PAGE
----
Everyone is familiar with coffee and one in three Irish people drink at least one cup a day. It’s no surprise then that the coffee market is continuously growing. Coffee is, unfortunately, seen as a commodity and here is where the speciality coffee movement comes into play. Speciality coffee isn’t just your regular ‘Cup of Joe, it’s viewed as an artisanal product by not only the barista but the roaster and farmer. Just like wine, the terroirs of the soil and the climate of the region influence the aroma, flavour, acidity, and body of the coffee. Not to mention the various processing methods; washing, anaerobic fermentation, natural processing and more; add characteristics of their own.
There are two major categories of bean; Robusta and Arabica, and each have their own distinct characteristics. Robusta is less fussy about where it grows and the climate around it. Thus, it’s cheaper to grow, at a cost to flavour and aroma. Robusta coffee is often dark roasted to hide the foul flavours and aromas in the bean (dark roasting is also cheaper as it’s just blatant burning of the coffee bean). In fact, most commercial chains use Robusta coffee for their espresso, just how the French, Italians, and Spanish do. Speciality coffee isn’t commercial coffee. It has a significantly higher quality and is given grade 1 on the coffee grading chart. In order to qualify for grade 1, the coffee must possess at least one distinct aroma, flavour, acidic quality or body quality and the green bean must not possess any major defects.
The rules of speciality coffee and how it is graded are set out by the Speciality Coffee Association, which organises various competitions for baristas and ensures a tight relationship between a farmer, roaster, and barista. That’s what speciality coffee is about; appreciation. In order to grow the best coffee, a farmer needs to be paid fairly, supported and most importantly motivated to grow better and better plants. In a lot of cases, a roaster will import directly from a farm or farm collective (multiple farmers growing the same coffee). Speciality coffee can be appreciated just like wine, with the aromas and flavours swirling around your palette like poetry. Every speciality farmer is proud of their coffee, with all packaging from the roaster containing the region, processing method and maybe a little history about the farm. Often, beans can be traced back to the very early stages of processing. With that level of quality, care, and expertise speciality coffee will always be more expensive than your regular lower grade coffee and it wasn’t until long ago that the speciality coffee scene hit off in Ireland.
Many coffee connoisseurs, myself included, believe that it all began with Mr Karl Purdy. He set up a café in Belfast known as ‘The Ground Floor’ much to the disbelief of the banker who gave him the loan because Belfast and the Republic at that time were a tea drinking people. Following the overnight success of The Ground Floor came another café and after a wine bar in Dublin. The wine bar wasn’t very successful, and Karl suffered some financial loss. However, this is where the third wave coffee movement begins. This loss gave Karl the opportunity to learn from his mistakes and become motivated to start selling coffee in Dublin, but not just any coffee; the best of the best, Grade 1 brewed into a single cup. With this ideology, he set up a coffee cart on Howth pier on St. Patrick’s Day. This was the birth of Coffeeangel, which now spans five shops across Dublin city. Owing to the strong winds at Howth pier, the house espresso blend comprised of three speciality varietals is called Fórsa Gála (gale force wind).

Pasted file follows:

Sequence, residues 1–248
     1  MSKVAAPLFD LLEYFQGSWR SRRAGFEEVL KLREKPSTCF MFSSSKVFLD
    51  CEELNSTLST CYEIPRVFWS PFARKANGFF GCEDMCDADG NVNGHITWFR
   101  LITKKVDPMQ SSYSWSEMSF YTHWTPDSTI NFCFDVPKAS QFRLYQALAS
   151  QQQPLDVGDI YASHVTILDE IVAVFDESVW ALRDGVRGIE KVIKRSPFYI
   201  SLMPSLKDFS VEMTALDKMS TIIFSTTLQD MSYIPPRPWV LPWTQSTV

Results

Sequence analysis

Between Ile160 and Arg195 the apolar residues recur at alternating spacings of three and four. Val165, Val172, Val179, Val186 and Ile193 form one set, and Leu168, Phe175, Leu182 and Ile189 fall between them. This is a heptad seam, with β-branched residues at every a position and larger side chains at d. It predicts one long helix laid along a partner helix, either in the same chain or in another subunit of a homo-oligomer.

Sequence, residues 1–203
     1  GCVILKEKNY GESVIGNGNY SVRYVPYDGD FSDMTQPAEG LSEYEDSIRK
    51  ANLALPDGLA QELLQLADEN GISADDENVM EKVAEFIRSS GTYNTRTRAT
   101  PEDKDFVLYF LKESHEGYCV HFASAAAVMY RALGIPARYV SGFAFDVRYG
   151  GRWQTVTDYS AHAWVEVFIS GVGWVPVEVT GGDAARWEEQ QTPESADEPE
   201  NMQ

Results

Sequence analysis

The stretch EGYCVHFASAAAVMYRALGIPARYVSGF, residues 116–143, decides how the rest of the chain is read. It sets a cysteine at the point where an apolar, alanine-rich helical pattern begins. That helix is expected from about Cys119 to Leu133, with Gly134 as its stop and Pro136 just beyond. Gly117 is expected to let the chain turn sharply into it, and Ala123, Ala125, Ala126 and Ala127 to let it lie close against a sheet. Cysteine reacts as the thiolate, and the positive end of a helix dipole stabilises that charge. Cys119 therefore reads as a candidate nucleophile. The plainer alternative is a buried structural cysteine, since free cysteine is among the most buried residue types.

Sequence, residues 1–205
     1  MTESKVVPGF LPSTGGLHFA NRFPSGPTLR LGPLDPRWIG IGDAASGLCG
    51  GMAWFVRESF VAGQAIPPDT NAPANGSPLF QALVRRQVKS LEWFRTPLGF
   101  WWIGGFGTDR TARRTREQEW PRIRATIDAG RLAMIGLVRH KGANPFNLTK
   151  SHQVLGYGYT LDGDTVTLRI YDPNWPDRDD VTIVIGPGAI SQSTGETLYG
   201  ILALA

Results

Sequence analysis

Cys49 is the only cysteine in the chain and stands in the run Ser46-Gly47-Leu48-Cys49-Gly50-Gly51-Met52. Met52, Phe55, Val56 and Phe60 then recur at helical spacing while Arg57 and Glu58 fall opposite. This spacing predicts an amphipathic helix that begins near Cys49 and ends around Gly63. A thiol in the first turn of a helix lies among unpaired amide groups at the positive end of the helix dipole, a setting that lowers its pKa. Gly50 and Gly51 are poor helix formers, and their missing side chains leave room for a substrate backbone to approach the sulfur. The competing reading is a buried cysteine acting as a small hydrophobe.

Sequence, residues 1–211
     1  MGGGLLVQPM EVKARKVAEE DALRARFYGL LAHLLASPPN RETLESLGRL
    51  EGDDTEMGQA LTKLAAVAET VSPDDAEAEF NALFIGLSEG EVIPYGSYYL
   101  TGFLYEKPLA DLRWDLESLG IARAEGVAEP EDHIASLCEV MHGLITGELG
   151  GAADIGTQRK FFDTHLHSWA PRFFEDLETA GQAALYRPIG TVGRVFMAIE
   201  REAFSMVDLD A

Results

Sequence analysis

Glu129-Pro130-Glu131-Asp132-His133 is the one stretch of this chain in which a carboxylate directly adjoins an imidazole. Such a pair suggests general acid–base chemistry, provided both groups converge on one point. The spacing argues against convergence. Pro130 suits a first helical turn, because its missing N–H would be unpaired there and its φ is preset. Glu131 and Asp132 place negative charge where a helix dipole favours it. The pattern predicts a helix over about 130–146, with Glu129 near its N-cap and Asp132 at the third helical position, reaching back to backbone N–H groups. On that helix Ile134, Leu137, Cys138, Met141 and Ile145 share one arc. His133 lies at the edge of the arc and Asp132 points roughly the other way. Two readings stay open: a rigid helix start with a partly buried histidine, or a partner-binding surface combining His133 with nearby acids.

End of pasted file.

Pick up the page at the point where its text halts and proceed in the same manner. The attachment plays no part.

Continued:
Alongside Coffeeangel came others just as eager to sell the best cups of coffee, all from different roasteries and all from different farms. It’s necessary to recognise that when I say roasters, I mean micro-roasters. There’s a stark difference between the two as micro-roasters will roast only small batches of coffee beans at a time and quality test most. Among Coffeeangel there are 3fe, Shoe Lane Coffee, Network, Vice Coffee and many more now tallying at over fifteen independent speciality coffee shops in Dublin alone.
This movement says something wonderful about Ireland and its people. They can not only recognise but appreciate quality coffee. Coffee that has been made with love and care starting as a little plant somewhere in the arabica growing world and making its way through one of the many micro-roasteries who then send it to a specialised café with thousands of euro worth of 9-bar espresso machines from world famous brands and coffee grinders capable of stunning consistency, where a highly trained barista prepares it for you in less than a minute all with a smile on their face.
Speciality coffee is a community, compromised of talented and interesting individuals working hard to reduce their environmental footprint, offer equal pay, promote gender equality and protect their employees. Recently, Imbibe Coffee, a micro-roaster based in Dublin, bought an entire shipment of green coffee beans destined for Europe from a 59-member all-female co-op ‘Café Femenino’ focusing on the promotion of gender equality and food security. Not only that but 1% of Imbibe’s coffee sales go directly to Women’s Aid.
Next time you’re out in Dublin don’t just stop on the first coffee shop. Find a speciality café and appreciate a good Cup of Joe. When you’re there you can ask the barista anything you’d like to know about coffee and they’ll tell you everything with a smile on their face because us speciality baristas are proud of what we do, the coffee we serve, and the customers that support us.


By Dorian Dederko – Feature Writer